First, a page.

Herr Foods Inc., Nottingham, Pa., has proven successful in guarding its Philadelphia area turf against the Frito-Lay onslaught. Many of the weapons have been savory flavors the national brands wouldn’t touch: potato chips in Steak & Worcestershire, Bacon & Horseradish, Salt & Pepper, Honey Barbecue, and Ketchup (co-branded with Heinz) and tortilla chips in Mexican Cheddar & Black Bean and Salsa & Lime.
Jays Potato Chips, the hometown favorite of the Chicago area, last month added three and savory new flavors to its Crispy Ridged potato chip line: roasted garlic and parmesan, jalapeno and cheddar, and garlic herb ranch.
Favorite flavors move from country to country, so the top potato chip flavors of countries that Americans visit often show up in the U.S. a few years later. Salt and vinegar, for instance, started in the UK on fish and chips. Current new UK flavors, according to recent travelers there, include roast beef and mustard or roast chicken and stuffing. More exotic flavors, such as Durian and shrimp, are seen in Thailand. Hot chili and chicken curry currently are spicing up Egypt.Raw materials and flavor research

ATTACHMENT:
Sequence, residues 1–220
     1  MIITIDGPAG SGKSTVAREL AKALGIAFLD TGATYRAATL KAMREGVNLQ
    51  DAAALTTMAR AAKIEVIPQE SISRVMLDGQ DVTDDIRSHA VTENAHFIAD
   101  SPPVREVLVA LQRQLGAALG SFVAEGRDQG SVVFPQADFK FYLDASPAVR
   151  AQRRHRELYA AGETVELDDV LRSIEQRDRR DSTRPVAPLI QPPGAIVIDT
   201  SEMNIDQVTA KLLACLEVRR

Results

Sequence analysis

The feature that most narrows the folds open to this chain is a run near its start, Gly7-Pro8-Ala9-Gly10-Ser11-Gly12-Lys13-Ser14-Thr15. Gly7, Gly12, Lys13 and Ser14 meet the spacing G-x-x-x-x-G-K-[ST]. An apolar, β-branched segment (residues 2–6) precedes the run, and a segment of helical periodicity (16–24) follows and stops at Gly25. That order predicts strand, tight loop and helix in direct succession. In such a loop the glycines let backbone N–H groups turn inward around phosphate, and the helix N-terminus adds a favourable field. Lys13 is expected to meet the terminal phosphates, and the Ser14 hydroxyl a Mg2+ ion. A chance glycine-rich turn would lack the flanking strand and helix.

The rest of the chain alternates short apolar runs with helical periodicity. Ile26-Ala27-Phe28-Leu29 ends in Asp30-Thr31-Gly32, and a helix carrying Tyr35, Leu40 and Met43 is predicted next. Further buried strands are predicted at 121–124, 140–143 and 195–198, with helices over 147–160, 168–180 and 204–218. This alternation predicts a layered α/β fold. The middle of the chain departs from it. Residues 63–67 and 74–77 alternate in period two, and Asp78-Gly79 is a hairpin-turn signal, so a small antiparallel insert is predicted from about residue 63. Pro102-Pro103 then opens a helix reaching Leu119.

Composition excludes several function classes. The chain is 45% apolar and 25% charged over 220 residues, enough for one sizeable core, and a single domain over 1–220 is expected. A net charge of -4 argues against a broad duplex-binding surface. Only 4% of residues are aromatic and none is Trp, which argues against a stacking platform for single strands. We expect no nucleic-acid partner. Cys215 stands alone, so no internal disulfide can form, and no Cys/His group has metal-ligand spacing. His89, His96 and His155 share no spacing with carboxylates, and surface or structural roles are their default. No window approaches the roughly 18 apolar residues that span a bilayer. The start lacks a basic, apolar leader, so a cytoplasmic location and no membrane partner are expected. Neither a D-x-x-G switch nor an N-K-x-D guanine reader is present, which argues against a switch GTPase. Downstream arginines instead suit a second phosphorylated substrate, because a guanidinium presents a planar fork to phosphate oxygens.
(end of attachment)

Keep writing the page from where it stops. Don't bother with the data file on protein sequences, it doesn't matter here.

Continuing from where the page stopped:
Encapsulation techniques are helping maintain and deliver savory flavors (see also “The hidden ingredients
”). “Flavors are better protected than ever, making it possible to recreate restaurant dishes with real precision,” says Bell Flavors’ Poppledorf.
“Most flavor companies have done extensive work in both encapsulation for protection of delicate flavors and specific release, so that the appropriate flavor notes are released under the right conditions,” he continues. “A number of new encapsulation systems have been introduced in the last few years and months, include new glassy matrix technologies and particle size management to enhance both the holding qualities of flavors and ingredients, and their appropriate release.”
Vegetables are adding extra savory notes to refrigerated products, such as pre-cooked meals. Graceland Fruit, Frankfort, Mich., developed the Fridg-N-Fresh process, which gives red and green peppers, broccoli, mushrooms, peas and carrots a 90-day shelf life. A proprietary rapid high heat system kills bacteria without the vegetables becoming mushy or losing color and flavor.
Florida Food Products, Eustis, Fla., offers some new varieties of savory vegetable concentrates, including onion, beets, celery and other types, in various strengths. Some of these products are heated, sautéed and roasted for complete flavor development.
was vice president of research for American Maize Products, a past editor of Food Processing and was director of publications for the Institute of Food Technologists.